Vasodilator stress myocardial perfusion imaging (MPI) accounts for up to 50% of all stress MPI studies performed in the U.S. In 2008, the Food and Drug Administration approved regadenoson for stress testing in conjunction with MPI. Regadenoson, unlike adenosine, is a selective A(2A) agonist that is given as an intravenous bolus at a fixed dose, with less undesirable side effects including atrioventricular block and bronchospasm. Unlike adenosine, regadenoson could be used in patients with mild-to-moderate reactive airway disease. This review will summarize the pre-clinical and clinical data on regadenoson, as they specifically relate to its use as a vasodilator stress agent, currently the only approved selective A(2A) agonist.
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              Effects of age, gender, obesity, and diabetes on the efficacy and safety of the selective A2A agonist regadenoson versus adenosine in myocardial perfusion imaging integrated ADVANCE-MPI trial results.

              To compare the effects of age, gender, body mass index, and diabetes on the safety and efficacy of regadenoson stress myocardial perfusion imaging, and to assess the noninferiority of regadenoson to adenosine for the detection of reversible myocardial perfusion defects. Previous reports have shown that a fixed unit bolus of regadenoson is safe and noninferior to adenosine for the detection of reversible perfusion defects by radionuclide imaging. Using a database of 2,015 patients, we evaluated the effects of age, gender, body mass index, and diabetes on the safety and efficacy of regadenoson compared to adenosine. For detection of ischemia relative to adenosine, noninferiority was demonstrated for all patients (agreement rate difference 0%, 95% CI -6.2% to +6.8%). The average agreement rate between adenosine-adenosine and adenosine-regadenoson were 0.62 +/- 0.03 and 0.63 +/- 0.02. Detection of ischemia was also comparable in specific subgroups. Agreement was less for both agents in women versus men with moderate and large areas of ischemia. Compared to adenosine, regadenoson had a lower combined symptom score and less chest pain, flushing, and throat, neck, or jaw pain, but more headache and gastrointestinal discomfort. This was true in nearly all subgroups. Regadenoson patients reported feeling more comfortable (1.7 +/- .02 vs. 1.9 +/- 0.03, p < 0.001). Based on the overall tolerability score, women felt less comfortable than men with both stress agents. Image quality was rated good or excellent in 92% for both agents. Regadenoson can be safely administered as a fixed unit bolus and is as efficacious as adenosine in detecting ischemia regardless of age, gender, body mass index, and diabetes. Regadenoson is better tolerated overall and across various subgroups.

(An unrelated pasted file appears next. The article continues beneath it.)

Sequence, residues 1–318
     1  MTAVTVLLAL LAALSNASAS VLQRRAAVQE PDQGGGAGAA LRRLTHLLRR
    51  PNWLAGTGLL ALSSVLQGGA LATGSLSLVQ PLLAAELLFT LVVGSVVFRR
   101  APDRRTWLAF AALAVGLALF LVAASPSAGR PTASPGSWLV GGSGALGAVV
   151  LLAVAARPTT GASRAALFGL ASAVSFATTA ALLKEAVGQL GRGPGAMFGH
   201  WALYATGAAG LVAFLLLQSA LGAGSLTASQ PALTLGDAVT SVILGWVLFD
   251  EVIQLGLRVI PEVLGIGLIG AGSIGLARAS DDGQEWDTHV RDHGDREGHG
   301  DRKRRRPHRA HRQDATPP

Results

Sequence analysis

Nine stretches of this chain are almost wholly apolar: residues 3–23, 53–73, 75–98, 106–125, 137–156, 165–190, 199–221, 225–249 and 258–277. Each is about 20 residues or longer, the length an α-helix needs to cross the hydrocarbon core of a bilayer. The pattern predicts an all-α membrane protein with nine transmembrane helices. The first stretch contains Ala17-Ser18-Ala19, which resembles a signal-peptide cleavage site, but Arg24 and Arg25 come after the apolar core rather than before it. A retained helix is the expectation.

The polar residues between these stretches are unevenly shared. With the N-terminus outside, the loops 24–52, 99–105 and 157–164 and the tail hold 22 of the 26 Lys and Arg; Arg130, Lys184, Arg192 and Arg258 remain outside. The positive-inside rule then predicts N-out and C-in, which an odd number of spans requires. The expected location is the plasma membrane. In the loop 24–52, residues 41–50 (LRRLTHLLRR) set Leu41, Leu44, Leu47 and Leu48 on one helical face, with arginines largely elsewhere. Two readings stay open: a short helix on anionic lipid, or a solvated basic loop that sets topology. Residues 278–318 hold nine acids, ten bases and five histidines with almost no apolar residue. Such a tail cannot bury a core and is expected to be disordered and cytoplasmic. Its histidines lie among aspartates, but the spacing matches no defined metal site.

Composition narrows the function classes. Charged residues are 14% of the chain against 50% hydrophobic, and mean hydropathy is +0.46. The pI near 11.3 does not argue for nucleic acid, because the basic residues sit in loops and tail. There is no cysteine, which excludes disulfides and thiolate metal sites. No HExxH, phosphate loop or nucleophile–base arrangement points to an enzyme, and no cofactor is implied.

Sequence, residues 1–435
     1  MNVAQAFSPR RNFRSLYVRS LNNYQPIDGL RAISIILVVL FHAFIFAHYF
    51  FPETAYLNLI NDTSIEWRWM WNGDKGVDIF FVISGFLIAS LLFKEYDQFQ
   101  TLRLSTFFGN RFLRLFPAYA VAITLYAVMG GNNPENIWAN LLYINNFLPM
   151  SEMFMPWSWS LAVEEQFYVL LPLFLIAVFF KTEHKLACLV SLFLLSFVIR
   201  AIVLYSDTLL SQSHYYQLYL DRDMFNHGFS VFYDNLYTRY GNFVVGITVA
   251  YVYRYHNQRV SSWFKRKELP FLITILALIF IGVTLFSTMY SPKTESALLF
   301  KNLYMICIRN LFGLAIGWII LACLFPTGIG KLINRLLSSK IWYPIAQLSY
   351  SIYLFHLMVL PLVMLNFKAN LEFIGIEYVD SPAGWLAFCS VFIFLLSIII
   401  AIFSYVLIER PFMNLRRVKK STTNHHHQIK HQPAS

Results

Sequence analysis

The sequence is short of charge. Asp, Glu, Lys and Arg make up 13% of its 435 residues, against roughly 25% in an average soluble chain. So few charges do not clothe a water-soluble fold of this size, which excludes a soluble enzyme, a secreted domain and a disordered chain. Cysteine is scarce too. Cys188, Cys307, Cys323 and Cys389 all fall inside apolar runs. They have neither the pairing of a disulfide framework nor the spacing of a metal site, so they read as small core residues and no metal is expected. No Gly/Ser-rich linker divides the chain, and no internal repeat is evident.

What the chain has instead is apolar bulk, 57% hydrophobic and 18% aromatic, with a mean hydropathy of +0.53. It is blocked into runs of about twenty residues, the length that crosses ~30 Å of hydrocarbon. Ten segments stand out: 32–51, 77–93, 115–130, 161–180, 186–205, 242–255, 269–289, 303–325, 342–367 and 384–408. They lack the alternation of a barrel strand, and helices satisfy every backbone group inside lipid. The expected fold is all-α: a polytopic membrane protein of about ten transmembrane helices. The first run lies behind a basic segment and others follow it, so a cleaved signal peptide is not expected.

Author and article information

                Int J Chron Obstruct Pulmon Dis
                Int J Chron Obstruct Pulmon Dis
                International Journal of COPD
                International Journal of Chronic Obstructive Pulmonary Disease
                Dove Medical Press
                22 January 2014
                : 9
                : 129-137
                [1 ]Division of Adult Cardiology, John H Stroger Jr, Hospital of Cook County, Chicago, IL, USA
                [2 ]Division of Cardiology, Rush University Medical Center, Chicago, IL, USA
                Author notes
                Correspondence: Rami Doukky, Rush University Medical Center, Section of Cardiology, 1653 W Congress Parkway, Chicago, IL 60612, USA, Tel +1 312 942 4655, Fax +1 312 563 3213, Email rami_doukky@
                © 2014 Golzar and Doukky. This work is published by Dove Medical Press Limited, and licensed under Creative Commons Attribution – Non Commercial (unported, v3.0) License

                The full terms of the License are available at Non-commercial uses of the work are permitted without any further permission from Dove Medical Press Limited, provided the work is properly attributed.